Last Friday evening Catholic writer and journalist Ellen Teague addressed an ecumenical audience in Cheltenham on the theme of 'Christian ecology?' An imperative for our times! Speaking in The Old Priory, adjacent to St Gregory’s Church, she laid out her credentials with the aid of slides she had taken whilst teaching in Nigeria, working for CAFOD during the period of the 1984 Ethiopian famine, and in more recent times advocating on the climate change issue with the Columban Missionaries.
During her 30 or so years’ involvement in campaigns on behalf of church organisations, Ellen had witnessed a growing awareness that development and the environment were connected. But it was not just those living now on the margins, with whom Christians should be showing solidarity: the problem was that so many are only getting through today by compromising tomorrow in terms of the environment. Showing a slide of Nepalese women carrying wood for fuel, she asked, “what happens to those dependent on firewood when all the trees have been cut down?” The poor are often forced to destroy their environment in order to survive and then bear the brunt of trying to get by in a degraded environment.
And yet how little do we hear in our media about modern environmental martyrs, such as Chico Mendez and Sister Dorothy Stang, murdered in Brazil for trying to promote sustainable rainforest development! Or the priests and people of Mindanao in the Philippines, mounting pickets to halt large-scale mining; risking their lives to celebrate mass together on the route heavy vehicles were using to open up new mines.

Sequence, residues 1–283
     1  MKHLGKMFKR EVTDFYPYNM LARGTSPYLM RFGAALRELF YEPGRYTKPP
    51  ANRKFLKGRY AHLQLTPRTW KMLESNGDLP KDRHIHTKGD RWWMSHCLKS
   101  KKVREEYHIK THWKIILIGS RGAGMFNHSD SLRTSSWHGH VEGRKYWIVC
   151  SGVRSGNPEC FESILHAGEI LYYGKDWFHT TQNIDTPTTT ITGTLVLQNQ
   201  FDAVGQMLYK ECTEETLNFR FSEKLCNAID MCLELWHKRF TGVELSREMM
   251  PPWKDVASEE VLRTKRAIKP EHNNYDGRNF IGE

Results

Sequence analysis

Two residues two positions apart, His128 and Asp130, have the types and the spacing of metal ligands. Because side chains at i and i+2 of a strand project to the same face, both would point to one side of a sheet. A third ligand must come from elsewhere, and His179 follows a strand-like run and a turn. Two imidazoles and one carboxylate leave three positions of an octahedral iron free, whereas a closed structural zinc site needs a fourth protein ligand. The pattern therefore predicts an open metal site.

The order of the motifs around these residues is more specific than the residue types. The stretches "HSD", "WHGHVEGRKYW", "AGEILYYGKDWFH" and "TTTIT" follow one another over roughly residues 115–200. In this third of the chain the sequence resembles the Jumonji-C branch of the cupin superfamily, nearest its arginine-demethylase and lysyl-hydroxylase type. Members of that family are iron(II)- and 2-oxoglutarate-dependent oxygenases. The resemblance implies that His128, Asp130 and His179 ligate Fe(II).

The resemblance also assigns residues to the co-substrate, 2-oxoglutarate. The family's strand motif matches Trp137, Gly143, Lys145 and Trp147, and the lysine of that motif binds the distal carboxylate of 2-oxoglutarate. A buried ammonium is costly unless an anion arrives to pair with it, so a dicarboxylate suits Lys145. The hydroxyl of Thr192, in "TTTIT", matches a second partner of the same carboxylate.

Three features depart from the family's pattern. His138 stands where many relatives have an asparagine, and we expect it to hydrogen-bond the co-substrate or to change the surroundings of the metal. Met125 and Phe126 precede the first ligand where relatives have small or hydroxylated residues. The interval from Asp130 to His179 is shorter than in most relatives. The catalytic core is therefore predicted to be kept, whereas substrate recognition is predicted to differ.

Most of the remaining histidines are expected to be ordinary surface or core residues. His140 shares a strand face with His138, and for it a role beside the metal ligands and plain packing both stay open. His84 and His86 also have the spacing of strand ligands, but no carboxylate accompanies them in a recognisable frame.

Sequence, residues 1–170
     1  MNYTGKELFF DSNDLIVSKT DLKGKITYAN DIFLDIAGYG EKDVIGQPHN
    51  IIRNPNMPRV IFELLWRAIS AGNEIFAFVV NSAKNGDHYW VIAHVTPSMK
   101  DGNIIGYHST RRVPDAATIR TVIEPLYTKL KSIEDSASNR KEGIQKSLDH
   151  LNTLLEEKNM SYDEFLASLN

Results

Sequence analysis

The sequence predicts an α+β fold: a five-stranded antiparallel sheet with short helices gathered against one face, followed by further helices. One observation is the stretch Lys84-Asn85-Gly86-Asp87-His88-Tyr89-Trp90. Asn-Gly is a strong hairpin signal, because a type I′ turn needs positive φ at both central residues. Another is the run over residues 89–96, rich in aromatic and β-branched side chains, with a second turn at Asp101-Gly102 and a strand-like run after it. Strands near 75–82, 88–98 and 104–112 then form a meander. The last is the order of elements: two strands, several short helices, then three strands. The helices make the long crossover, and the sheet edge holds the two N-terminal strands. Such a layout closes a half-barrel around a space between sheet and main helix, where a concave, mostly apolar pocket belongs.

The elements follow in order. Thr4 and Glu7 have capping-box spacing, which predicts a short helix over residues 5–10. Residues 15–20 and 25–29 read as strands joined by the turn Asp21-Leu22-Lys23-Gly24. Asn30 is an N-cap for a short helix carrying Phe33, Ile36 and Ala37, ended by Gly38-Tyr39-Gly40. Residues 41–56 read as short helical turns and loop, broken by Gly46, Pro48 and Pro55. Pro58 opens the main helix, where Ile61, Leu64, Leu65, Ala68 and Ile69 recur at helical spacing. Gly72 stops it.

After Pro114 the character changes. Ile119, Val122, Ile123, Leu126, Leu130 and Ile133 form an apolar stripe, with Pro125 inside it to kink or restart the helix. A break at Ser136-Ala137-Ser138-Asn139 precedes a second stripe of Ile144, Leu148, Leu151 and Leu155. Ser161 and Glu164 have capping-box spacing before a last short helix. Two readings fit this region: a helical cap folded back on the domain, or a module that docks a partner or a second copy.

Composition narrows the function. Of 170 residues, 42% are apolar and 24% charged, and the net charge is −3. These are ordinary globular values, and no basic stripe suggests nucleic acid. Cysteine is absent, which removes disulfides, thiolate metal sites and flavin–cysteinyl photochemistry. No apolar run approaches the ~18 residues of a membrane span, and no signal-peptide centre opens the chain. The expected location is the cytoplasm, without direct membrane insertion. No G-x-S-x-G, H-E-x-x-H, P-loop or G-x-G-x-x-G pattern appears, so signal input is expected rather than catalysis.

Columban Father Sean McDonagh has described the Eucharist as the sacrament of ecology: how can Christians preach the good news of life in abundance, without being concerned for the disappearance of the glaciers in the Andes, the melt water of which is vital for the water supply of the citizens of Lima? Or for the reduction of food security because of corporations taking control of food production away from the world’s farmers.
As a Catholic, Ellen had long wondered why her church was so slow to embrace initiatives which were fully in accord with Catholic Social Teaching, such as Creation Time – in recent years celebrated by other Christians throughout Europe each Autumn. One reason was the church’s anthropocentric vision. Humans are effectively edging other species off the planet, but we seem to lack any moral code to cope with biocide or ecocide. It’s as if there’s a failure of communication between religion and science.
And in a clergy-centred church, what matters greatly is the lead priests give within their parishes and dioceses. She regretted that seminaries appear to give little attention to creation theology and issues such as Climate Change are hardly mentioned. “The environment is not something you can dip into,” Ellen told us. What we have to develop is a sustained focus upon the meaning of God’s covenant with creation, outlined in the Book of Genesis. Quoting theologian Mary Grey, she urged us to become “a prophetic community working for our own transformation.”
As people of faith, we need to step up. She ended with two quotes from eco-theologian Thomas Berry:
“The context of contemporary existence has been altered by environmental breakdown.”
“Our fulfilment is not in isolated human grandeur, but in our intimacy with the larger Earth community”.
Her words were, the audience agreed during the plenary session that followed Ellen’s talk, quite a challenge. We were able to reflect upon this at Compline, with which the evening ended. Deacon Robin had most helpfully selected as our reading a passage from the first letter of Paul to the Thessalonians, concluding: “God has called you and he will not fail you.”
Martin Davis is the convener of Cheltenham Christian Ecology Link.